Monday, April 28, 2014

Balance and Contrast Week Four

So, I do realize that it's a new week this week, but we haven't officially started our homeschooling week yet (we'll do that tomorrow). With that small disclaimer, I present a brief summary of week four of Balance and Contrast.

Our main project was constructing a birdhouse windchime.

Chobie was clever enough to point out that it doesn't really chime per se, so I should clarify that it really is more of a birdhouse jingler. 

The first day we painted the house.


Next we strung beads and bells together. During my planning, I thought that this would be great handwork skill practice for Chobie. He wasn't very interested and played warriors and enemies with the nails and beads at the other end of the table.


To secure the beads to the house, I tied one end of the string to a nail, then nailed them to the four corners of the bird house.


Finished.



We also had a visit to our friends farm where we helped her gather eggs.


Chobie peering into the chicken coop. Yes, that's him in the dinosaur suit.



Chobie chose one to bring home for breakfast the next morning.



Bee loves chickens. He was following these ones around trying to pick them up.



I kept this week's read aloud simple. We read Rooster/Gallo by Jorge Luján and Manuel Monroy.


I loved this book. It's bilingual verse about the interplay between the rooster and the heavens that brings about the changes between day and night. The language in this book is so beautiful, which is refreshing for a children's book.


We did do a lot more reading during the week, but most of it was for cozy book time, which doesn't have any kind of planned stories. It was a rainy, relatively chilly week, so a lot of our learning took the form of cozy book time. We read from The World of Pooh together. 

I did my fair share of grown up reading last week too. I couldn't put down Little Night by Luanne Rice, then I started reading The Shallows: What the Internet is Doing to our Brains by Nicholas Carr. It's a fascinating read so far. I've just finished his summary of the history of media. I know, it sounds boring, like something you would have to suffer through in the first weeks of a lower level college course, but I actually learned so much about a topic I never knew I wanted to know about. (I have more thoughts on this book that I'm hoping to share later on.)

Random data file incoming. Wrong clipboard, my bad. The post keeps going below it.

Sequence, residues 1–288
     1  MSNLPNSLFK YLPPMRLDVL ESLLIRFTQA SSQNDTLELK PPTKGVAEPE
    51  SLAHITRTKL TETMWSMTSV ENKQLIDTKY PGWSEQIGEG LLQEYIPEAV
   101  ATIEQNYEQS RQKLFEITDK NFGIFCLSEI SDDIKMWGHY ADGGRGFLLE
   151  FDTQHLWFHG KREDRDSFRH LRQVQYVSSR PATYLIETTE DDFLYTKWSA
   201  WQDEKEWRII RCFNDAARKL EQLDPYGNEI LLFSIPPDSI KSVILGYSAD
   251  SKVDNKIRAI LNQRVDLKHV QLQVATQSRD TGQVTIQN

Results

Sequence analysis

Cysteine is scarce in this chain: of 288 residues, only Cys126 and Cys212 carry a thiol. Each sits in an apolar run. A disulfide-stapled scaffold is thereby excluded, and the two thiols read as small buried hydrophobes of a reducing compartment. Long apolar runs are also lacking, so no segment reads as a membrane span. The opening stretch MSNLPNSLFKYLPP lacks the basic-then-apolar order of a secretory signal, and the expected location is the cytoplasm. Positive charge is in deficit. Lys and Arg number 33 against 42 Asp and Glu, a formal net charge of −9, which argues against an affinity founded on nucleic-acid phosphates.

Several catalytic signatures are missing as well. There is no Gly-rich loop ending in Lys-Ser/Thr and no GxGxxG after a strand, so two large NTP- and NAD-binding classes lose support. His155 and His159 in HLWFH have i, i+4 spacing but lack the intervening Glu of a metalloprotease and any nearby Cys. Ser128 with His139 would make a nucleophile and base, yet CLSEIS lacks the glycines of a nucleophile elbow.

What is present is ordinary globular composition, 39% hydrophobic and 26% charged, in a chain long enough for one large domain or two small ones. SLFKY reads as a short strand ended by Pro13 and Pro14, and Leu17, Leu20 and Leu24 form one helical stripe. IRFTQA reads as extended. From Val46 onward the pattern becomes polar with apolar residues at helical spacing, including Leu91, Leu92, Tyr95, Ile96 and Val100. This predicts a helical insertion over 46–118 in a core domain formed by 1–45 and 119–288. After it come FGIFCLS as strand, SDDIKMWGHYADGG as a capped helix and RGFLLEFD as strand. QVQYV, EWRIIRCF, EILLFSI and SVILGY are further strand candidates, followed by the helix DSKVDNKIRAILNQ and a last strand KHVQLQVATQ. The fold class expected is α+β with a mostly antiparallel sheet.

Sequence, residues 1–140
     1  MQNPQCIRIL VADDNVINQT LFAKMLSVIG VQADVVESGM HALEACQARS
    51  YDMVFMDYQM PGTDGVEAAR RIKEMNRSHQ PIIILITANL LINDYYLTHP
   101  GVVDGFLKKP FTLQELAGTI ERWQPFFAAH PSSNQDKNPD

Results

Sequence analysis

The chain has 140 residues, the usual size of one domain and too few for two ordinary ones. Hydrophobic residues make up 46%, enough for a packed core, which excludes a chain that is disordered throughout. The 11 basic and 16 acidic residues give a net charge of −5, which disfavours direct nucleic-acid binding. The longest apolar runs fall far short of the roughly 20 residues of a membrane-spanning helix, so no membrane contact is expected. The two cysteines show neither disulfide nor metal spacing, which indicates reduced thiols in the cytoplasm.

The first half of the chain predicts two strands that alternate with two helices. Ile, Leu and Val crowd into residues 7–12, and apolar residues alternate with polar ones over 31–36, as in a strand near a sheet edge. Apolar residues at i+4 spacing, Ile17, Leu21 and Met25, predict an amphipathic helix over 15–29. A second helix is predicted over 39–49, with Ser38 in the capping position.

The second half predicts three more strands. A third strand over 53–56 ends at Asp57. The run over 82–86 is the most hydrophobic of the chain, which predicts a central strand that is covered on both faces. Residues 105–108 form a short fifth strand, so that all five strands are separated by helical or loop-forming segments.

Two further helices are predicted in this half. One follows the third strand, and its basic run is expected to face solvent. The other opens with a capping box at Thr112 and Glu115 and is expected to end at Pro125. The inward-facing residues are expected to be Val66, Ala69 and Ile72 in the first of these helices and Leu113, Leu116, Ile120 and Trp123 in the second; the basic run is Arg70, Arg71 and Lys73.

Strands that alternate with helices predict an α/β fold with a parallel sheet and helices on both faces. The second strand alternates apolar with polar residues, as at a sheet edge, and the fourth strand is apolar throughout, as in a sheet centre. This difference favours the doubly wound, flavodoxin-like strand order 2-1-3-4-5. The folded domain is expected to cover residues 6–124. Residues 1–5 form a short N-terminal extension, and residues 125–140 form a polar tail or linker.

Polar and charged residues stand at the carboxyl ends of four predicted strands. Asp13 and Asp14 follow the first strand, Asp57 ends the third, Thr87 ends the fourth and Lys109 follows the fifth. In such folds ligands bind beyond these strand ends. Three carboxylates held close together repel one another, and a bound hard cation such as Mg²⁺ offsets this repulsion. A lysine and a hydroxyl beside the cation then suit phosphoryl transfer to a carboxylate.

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This post was shared on the DIY Sunday Showcase.

Sunday, April 27, 2014

Garden Update: Sprouts and Shoots


We've come a long way from bare beds and cover crops. Little sprouts are popping up all over our garden beds: radishes and spinach.



The peas are growing fast too.

I picked out some lettuces and greens to plant.





Seeds are in the ground, just in time for a rainy period, I’m such a lazy gardener. Now these little lettuces will sprout without me running out to water them twice a day. On the down side, the weeds will probably start to take over since watering is my primary motivation for getting to the garden each day. If it’s just weeds I always figure, what’s another day going to matter?
 


When I plant several rows of different varieties in the same bed, I leave the seed packets at the end of the last row I planted so that I know what variety went where and I don't have to juggle labels, seed packets, trowels, and children all at once.

 
When it's time to break out the labels, I've found that a grease pen is indispensable for plant labeling, especially with plastic labels.


I don't like that these are plastic, because the world certainly doesn't need more plastic, but I haven't had much success with wood labels holding up very long in this climate. Although, I did pin these painted labels recently. Paint would make the labels hold up to our heavy rains, I might even be able to use them multiple years in a row. We shall see.
Our last frost is sometimes as late as May 1, so to be putting lettuce in the ground this early is fantastically exciting.  Next week we’re supposed to have several days in the 70 degree range, so I’ll be planting beans and squash in no time. Three cheers for extended growing seasons!


A lot of the garden is still in cover crop. This is our lovely crimson clover, planted last September.


Cover crops help keep weed populations down and enrich the soil, especially if you till them in and let them rot. I hear this is much easier east of the Cascades. Here on the west side, I usually till, wait somewhere between a few days and a few weeks, then pull out the big clumps before raking out a seed bed. When cover crops are added to the compost, and then that compost is added back into the garden later, you still get some of the benefits of a tilled in cover crop.


So that's whats growing here at Handmade Life. What's in your garden?


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Saturday, April 26, 2014

Arts Walk Spring 2014

Every fall and spring, around each equinox, our town has an arts walk where local artists have shows in downtown businesses and there are performers, craft vendors, and artists out on the streets. So last night after dinner, we headed down to check it out.


About an hour before it was time to leave we got hit with an epic hail shower and it looked like our plans might be cancelled. But the weather turned sunny again, so as we walked down the hill toward town we were greeted with this...